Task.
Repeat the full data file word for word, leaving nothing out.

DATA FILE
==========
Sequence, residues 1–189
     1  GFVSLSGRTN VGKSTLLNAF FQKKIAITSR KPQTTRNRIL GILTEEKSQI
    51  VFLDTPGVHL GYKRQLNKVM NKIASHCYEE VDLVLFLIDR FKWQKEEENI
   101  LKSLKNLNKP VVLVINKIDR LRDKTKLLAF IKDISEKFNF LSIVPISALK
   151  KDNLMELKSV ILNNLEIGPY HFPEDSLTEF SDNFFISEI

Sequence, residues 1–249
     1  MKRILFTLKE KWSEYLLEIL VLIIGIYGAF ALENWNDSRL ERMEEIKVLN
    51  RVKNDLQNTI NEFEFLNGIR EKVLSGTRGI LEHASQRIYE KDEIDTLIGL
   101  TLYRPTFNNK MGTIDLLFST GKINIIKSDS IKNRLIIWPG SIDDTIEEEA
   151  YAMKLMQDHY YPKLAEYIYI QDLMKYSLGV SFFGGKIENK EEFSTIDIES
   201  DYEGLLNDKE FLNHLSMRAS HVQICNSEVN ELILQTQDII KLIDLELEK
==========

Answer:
Sequence, residues 1–189
     1  GFVSLSGRTN VGKSTLLNAF FQKKIAITSR KPQTTRNRIL GILTEEKSQI
    51  VFLDTPGVHL GYKRQLNKVM NKIASHCYEE VDLVLFLIDR FKWQKEEENI
   101  LKSLKNLNKP VVLVINKIDR LRDKTKLLAF IKDISEKFNF LSIVPISALK
   151  KDNLMELKSV ILNNLEIGPY HFPEDSLTEF SDNFFISEI

Sequence, residues 1–249
     1  MKRILFTLKE KWSEYLLEIL VLIIGIYGAF ALENWNDSRL ERMEEIKVLN
    51  RVKNDLQNTI NEFEFLNGIR EKVLSGTRGI LEHASQRIYE KDEIDTLIGL
   101  TLYRPTFNNK MGTIDLLFST GKINIIKSDS IKNRLIIWPG SIDDTIEEEA
   151  YAMKLMQDHY YPKLAEYIYI QDLMKYSLGV SFFGGKIENK EEFSTIDIES
   201  DYEGLLNDKE FLNHLSMRAS HVQICNSEVN ELILQTQDII KLIDLELEK